Immediately place the jar back into the rack in the canner, and repeat with the rest of the jars until all the jars are filled, or you run out of food.
Step 4: Process in a Pressure Canner
Follow your pressure canner’s instructions for sealing, heating, and venting, and then process the jars for the times indicated in the recipe below.
Once the processing time is over, turn off the heat and allow the pressure to return to zero. Then, remove the cover and let the jars adjust to the change in temperature for about 10 minutes. Then, remove the jars and set them on a dry towel to cool.
Keep the jars upright. Tilting the jars could cause food to spill into the sealing area of the lid and prevent it from sealing. Also, don’t touch the rings or test the seals yet. The jars need time to cool undisturbed to seal properly. Let them cool completely for 12 to 24 hours.
Test the seals after the cooling period. Refrigerate any that failed to seal and use up in a few days. Before storing your jars, remove the rings and wash them thoroughly with soapy water to eliminate any residue. Then label and date the jars and find a cool spot to store the jars of beef pot roast. For optimal flavor, consume within 18 months.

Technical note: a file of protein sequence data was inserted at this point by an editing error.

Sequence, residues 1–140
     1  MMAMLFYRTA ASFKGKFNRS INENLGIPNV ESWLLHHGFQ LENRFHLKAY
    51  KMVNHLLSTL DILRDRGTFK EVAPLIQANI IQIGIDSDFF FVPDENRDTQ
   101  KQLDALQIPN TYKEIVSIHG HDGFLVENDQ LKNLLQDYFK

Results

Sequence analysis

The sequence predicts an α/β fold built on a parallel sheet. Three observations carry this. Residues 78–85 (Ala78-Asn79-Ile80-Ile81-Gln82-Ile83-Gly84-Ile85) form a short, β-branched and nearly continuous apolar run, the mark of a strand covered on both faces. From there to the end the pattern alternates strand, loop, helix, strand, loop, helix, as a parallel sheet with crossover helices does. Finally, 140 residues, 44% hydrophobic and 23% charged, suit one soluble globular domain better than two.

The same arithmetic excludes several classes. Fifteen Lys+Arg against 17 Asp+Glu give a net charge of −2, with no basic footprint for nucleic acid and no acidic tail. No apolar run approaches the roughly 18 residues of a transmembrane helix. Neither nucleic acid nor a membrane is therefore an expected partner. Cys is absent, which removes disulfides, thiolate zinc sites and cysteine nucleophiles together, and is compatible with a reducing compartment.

Heat and Serve
Your jars of pot roast are fully cooked and just need to be heated before serving.
Open the jar, skim off any fat that has risen to the top, then pour the pot roast into a saucepan.
Fill the empty jar with 1 cup of water, add 2 tablespoons of cornstarch, cover, and shake to make a slurry. Add the slurry to the pot and warm over medium-high heat for about 10 minutes.
Add a dash of Worcestershire sauce, remove the bay leaf, ladle into bowls, season to taste with salt and pepper, garnish with fresh herbs, and enjoy hot.
Beef Pot Roast Canning Recipe
- 4 pounds boneless beef chuck trimmed and cut into 2-inch chunks
- 2 cups peeled diced potatoes
- 2 cups peeled sliced carrots
- 2 cups diced onions
- 1 cup diced celery
- 4 cloves garlic sliced